Can I say, though, that we humans are similes? I think so. Similes, like metaphors, compare two unlike things, but they are one step further removed, using the words “like” or “as” to make the comparison. A simile, like a metaphor, can illuminate an idea, but a bad simile can actually interfere with understanding an idea. As similes of God, we are capable of great good because of our being made in the image of our Creator. But since we are inept similes, the great capabilities for good have been damaged so that we are also capable of and prone to incredibly great harm. It is only in Jesus that the image can be renewed/made new.

How is this renewal worked out in our lives?

The Spirit, “from within the Christians’ own lives makes response to Jesus and the Father” (126, quote from Michael Ramsey). We come to know, through the Spirit’s work within us, the Father as “our Father”/“Abba” and Jesus as Lord and King. We become renewed in our identity as beloved children of God the Father and empowered citizens of the great, good Lord of the universe. And as this renewed identity works deeper into our souls, we are changed/healed/repaired, bit by bit, and we, as similes, become clear and helpful to those who “read” us so that we contribute to rather than hinder our readers’ understanding of God.

*the photo above is of a webpage with 56 bad and good similes found in high school student papers. Here’s the link (https://dysonology.wordpress.com/2011/05/06/56-bestworst-similes-used-in-high-school-exams/) so you can read all 56 of them if you want!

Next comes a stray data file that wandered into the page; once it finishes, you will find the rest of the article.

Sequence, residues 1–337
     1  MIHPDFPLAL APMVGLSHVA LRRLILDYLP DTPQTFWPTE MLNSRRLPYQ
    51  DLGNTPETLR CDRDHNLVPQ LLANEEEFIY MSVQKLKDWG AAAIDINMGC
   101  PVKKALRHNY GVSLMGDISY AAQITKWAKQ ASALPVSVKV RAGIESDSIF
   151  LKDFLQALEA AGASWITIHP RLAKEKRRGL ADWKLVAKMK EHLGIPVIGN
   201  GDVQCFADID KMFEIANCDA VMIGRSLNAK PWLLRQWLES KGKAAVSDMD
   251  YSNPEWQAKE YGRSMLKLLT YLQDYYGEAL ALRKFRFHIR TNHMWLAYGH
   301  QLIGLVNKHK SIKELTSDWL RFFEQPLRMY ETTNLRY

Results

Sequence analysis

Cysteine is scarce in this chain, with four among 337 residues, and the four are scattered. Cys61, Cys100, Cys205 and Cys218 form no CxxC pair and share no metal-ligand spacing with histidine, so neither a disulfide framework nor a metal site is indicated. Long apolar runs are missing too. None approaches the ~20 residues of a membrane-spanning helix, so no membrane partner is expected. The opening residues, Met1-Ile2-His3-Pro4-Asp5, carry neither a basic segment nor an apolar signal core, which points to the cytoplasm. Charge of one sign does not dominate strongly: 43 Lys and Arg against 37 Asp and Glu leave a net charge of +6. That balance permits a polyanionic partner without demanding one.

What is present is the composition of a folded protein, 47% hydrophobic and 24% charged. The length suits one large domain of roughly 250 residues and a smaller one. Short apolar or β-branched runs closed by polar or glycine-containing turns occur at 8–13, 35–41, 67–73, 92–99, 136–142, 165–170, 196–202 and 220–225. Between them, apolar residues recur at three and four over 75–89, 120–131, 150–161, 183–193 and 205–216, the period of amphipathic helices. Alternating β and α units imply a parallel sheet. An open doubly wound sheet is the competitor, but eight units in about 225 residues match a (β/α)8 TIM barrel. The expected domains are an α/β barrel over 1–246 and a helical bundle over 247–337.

Post 2

The essay “God Crucified” by Richard Bauckham has SO much richness in it! In this post I’ll simply be pasting in some favorite quotes from the book and then closing with a question of my own.

“Jesus, the New Testament (NT) writers are saying, belongs inherently to who God is” (32). The Servant, seen in the Old Testament book of Isaiah “…belongs to the identity of the unique God. This God is not only the high and lofty one who reigns from his throne in the high and holy place; he also abases himself to the condition of the crushed and the lowly (Isa. 57:15)” (36). “(Christ’s) humiliation belongs to the identity of God as truly as his exaltation does. The identity of God—who God is—is revealed as much in self-abasement and service as it is in exaltation and rule. The God who is high can also be low, because God is God not in seeking his own advantage but in self-giving. His self-giving in abasement and service ensures that his sovereignty over all things is also a form of his self-giving. Only the Servant can also be the Lord. Only the Servant who is also the Lord receives the recognition of his lordship—the acknowledgement of his unique deity—from the whole creation” (45). “These (the exaltation and humiliation revealing God—being his identity) are not contradictions because God is self-giving love.. This is the meaning of the Johannine paradox that Jesus is exalted and glorified on the cross.” “In this act of self-giving God is most truly himself and defines himself for the world” (51).

My question: How do the implications of God being a Servant work out in the nitty-gritty of my life? What is one relationship or situation in my life in which I need to choose humility, choose to listen rather than speak, choose to not prove myself, choose to serve? #trinityclassNS

 

Go–and live a new life

 *This audio is a reading/telling of John 8:1-11. 

“Go and sin no more.”

Jesus says this to the woman who has been condemned of adultery, whom he has just rescued from stoning.

It’s always felt like a bit of a strange statement to me.

I can imagine that statement rolling very naturally off the lips of one of the fundamental preachers of my youth.

I can hear it being said with scorn and a stern look.